Keywords: Trichome, Brassica, Isolation, Villosa, Vertex

Materials and Reagents

  1. Fresh trichome-bearing leaf tissue from Brassica villosa (drepanensis cv.) (from two month old up-to two year leaves), soybean cv. B220, and tomato cv. Roma
    Note: Depending on the plant species and the subsequent type of analysis after trichome isolation, any tissue with non-glandular trichomes will likely suffice. However, tissues with denser trichome coverage will provide a greater yield of detached trichomes.
  2. Liquid nitrogen
    Note: Training in the safe use of liquid nitrogen is imperative.
  3. Sterile Millipore purified water
  4. Ice
  5. 0.4 % trypan blue (see Recipes)


  1. Gloves to resist freezing temperatures (Cryo-Gloves) (VWR International, catalog number: 32885-736 )
  2. Polyfoam insulated box with ice
  3. 1-ml pipette with plastic pipette tips
  4. 50 ml BD FalconTM conical plastic centrifuge tubes (BD, catalog number: 14-432-22 ) or plastic 250 ml centrifuge bottles (Thermo Fisher Scientific, catalog number: EW-06105-20 )
  5. BD-Falcon nylon mesh cell strainer (40 μm pore size) (BD Biosciences, catalog number: 08-771-1 )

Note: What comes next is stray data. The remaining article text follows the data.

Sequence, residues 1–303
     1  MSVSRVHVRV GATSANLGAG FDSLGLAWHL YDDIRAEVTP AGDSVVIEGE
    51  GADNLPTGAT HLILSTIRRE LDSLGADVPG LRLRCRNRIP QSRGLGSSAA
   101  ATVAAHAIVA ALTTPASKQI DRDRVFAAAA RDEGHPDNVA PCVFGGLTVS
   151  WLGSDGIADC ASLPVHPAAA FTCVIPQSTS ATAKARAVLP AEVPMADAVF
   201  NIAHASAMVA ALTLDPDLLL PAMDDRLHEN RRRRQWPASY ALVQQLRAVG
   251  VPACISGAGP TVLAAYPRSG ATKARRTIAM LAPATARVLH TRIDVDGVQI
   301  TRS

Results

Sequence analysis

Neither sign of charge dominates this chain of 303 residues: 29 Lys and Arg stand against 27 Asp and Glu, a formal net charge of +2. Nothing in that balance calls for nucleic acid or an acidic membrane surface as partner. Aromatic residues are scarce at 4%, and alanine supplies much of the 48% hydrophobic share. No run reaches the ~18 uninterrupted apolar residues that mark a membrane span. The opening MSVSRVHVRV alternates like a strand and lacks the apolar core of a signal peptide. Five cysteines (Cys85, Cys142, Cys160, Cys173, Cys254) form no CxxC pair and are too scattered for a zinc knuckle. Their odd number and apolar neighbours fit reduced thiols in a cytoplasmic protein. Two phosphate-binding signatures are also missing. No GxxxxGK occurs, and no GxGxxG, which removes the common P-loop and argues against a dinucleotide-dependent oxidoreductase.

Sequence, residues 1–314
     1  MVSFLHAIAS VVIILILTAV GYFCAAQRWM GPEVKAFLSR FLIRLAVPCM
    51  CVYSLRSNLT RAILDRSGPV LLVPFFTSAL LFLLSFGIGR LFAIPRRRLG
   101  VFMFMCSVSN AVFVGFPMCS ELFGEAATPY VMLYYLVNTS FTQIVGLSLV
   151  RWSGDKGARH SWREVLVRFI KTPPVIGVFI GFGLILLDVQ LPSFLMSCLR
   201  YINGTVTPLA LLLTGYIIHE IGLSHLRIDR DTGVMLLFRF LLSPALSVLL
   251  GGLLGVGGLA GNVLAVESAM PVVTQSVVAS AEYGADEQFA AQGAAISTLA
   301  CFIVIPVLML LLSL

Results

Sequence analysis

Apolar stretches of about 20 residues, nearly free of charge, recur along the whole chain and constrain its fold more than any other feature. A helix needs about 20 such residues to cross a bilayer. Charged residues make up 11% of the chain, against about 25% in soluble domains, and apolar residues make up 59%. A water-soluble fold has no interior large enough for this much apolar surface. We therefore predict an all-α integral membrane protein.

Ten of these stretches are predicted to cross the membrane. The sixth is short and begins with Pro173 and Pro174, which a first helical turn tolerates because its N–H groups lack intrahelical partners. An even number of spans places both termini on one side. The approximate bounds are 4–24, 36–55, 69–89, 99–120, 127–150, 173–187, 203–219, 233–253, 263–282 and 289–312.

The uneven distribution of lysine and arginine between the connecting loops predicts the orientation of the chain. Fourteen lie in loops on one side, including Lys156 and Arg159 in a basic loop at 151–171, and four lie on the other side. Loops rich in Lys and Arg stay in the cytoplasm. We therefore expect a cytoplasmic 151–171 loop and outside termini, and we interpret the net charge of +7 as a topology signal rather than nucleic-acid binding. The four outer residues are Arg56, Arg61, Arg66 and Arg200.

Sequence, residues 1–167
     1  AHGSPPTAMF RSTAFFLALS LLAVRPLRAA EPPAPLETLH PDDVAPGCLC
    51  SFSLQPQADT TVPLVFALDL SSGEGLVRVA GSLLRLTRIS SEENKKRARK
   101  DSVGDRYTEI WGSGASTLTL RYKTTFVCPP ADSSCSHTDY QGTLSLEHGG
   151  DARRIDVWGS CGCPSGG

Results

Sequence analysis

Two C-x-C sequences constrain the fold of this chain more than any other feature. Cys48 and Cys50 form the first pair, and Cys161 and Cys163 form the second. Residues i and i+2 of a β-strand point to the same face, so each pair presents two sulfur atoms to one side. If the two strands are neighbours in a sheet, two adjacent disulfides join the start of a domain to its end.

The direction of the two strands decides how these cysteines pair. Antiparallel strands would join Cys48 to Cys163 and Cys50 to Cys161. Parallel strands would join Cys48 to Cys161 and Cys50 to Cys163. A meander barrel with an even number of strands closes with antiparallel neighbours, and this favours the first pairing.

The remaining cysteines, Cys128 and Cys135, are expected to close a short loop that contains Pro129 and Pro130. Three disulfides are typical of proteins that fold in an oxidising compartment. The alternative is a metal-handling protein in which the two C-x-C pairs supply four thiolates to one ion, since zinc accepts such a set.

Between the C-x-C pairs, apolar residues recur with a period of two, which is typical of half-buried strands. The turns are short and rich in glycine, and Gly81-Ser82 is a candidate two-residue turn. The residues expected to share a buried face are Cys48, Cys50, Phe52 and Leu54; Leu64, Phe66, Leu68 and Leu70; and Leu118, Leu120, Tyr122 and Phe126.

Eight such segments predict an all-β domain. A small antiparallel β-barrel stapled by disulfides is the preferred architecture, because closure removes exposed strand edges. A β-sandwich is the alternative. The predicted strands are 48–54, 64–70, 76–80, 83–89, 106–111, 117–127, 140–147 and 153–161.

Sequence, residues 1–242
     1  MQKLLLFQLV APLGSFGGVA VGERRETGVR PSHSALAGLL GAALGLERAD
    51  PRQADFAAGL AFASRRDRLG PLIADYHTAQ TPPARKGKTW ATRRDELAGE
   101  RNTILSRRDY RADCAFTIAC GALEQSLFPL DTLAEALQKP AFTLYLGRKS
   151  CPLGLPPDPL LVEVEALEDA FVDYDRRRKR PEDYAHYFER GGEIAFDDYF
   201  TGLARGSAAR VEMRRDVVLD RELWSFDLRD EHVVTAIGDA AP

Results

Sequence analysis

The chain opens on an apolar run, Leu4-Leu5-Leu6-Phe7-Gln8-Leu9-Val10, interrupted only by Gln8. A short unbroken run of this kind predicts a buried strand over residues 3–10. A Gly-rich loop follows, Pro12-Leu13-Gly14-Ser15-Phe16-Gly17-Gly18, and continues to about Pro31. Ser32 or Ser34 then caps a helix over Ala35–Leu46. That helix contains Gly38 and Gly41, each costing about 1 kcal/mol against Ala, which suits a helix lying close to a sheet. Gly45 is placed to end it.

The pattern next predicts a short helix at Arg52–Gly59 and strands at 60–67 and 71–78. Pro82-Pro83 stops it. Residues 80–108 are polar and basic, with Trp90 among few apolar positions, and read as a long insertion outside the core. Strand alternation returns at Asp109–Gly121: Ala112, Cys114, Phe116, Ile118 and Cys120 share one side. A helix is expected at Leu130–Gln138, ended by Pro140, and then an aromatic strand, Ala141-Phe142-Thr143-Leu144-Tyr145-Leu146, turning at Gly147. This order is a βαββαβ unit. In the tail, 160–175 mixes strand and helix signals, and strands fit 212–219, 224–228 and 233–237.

6. Blunt end forceps to remove contaminating debris from the strainer (Seton, catalog number: AA969 )
  7. Genie 2 vortex mixer (Thermo Fisher Scientific) having round mixer head (for tubes) and flat mixer head (for larger bottles)
  8. -80 °C freezer
  9. 4 °C refrigerator
  10. FlexidryTM unit (FTS Systems, catalog number: 4283 )
  11. Controlled environment greenhouse or growth cabinet.
    Note: Plant growth conditions depend on the nature of subsequent analyses. For example, chemical composition of plant tissuses can change substantially with altered light intensity and temperature (16 h light/8 h dark, at least 400 µE.m-2.s-1, 20/17 °C recommended, but light intensity from 700-1,400 µE.m-2.s-1 will mimic outside daylight).
  12. Axiovert 100 microscope (ZEISS) with 10x magnification


  1. Healthy trichome-bearing leaves of B. villosa, soybean, and tomato were selected after growth in a greenhouse.